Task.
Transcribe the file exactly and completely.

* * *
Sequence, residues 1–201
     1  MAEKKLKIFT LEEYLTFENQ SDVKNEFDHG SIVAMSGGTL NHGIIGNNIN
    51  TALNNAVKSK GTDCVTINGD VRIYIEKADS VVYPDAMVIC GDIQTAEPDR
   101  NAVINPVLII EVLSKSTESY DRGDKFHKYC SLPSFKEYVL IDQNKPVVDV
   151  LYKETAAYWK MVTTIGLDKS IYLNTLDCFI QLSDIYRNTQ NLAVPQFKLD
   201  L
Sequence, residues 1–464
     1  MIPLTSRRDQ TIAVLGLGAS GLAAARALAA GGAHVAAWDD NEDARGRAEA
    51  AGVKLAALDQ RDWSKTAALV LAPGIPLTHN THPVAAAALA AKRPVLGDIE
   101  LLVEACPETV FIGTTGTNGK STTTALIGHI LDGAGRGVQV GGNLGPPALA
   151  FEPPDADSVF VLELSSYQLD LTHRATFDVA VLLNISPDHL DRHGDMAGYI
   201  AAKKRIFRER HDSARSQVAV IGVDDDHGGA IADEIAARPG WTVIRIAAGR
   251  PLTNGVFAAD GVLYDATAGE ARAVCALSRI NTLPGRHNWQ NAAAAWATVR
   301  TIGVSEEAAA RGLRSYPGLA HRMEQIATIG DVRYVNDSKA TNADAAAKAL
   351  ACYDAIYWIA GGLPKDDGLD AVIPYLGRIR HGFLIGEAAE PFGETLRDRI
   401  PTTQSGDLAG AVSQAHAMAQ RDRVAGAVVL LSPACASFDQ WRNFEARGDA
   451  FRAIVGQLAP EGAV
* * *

Sequence, residues 1–201
     1  MAEKKLKIFT LEEYLTFENQ SDVKNEFDHG SIVAMSGGTL NHGIIGNNIN
    51  TALNNAVKSK GTDCVTINGD VRIYIEKADS VVYPDAMVIC GDIQTAEPDR
   101  NAVINPVLII EVLSKSTESY DRGDKFHKYC SLPSFKEYVL IDQNKPVVDV
   151  LYKETAAYWK MVTTIGLDKS IYLNTLDCFI QLSDIYRNTQ NLAVPQFKLD
   201  L
Sequence, residues 1–464
     1  MIPLTSRRDQ TIAVLGLGAS GLAAARALAA GGAHVAAWDD NEDARGRAEA
    51  AGVKLAALDQ RDWSKTAALV LAPGIPLTHN THPVAAAALA AKRPVLGDIE
   101  LLVEACPETV FIGTTGTNGK STTTALIGHI LDGAGRGVQV GGNLGPPALA
   151  FEPPDADSVF VLELSSYQLD LTHRATFDVA VLLNISPDHL DRHGDMAGYI
   201  AAKKRIFRER HDSARSQVAV IGVDDDHGGA IADEIAARPG WTVIRIAAGR
   251  PLTNGVFAAD GVLYDATAGE ARAVCALSRI NTLPGRHNWQ NAAAAWATVR
   301  TIGVSEEAAA RGLRSYPGLA HRMEQIATIG DVRYVNDSKA TNADAAAKAL
   351  ACYDAIYWIA GGLPKDDGLD AVIPYLGRIR HGFLIGEAAE PFGETLRDRI
   401  PTTQSGDLAG AVSQAHAMAQ RDRVAGAVVL LSPACASFDQ WRNFEARGDA
   451  FRAIVGQLAP EGAV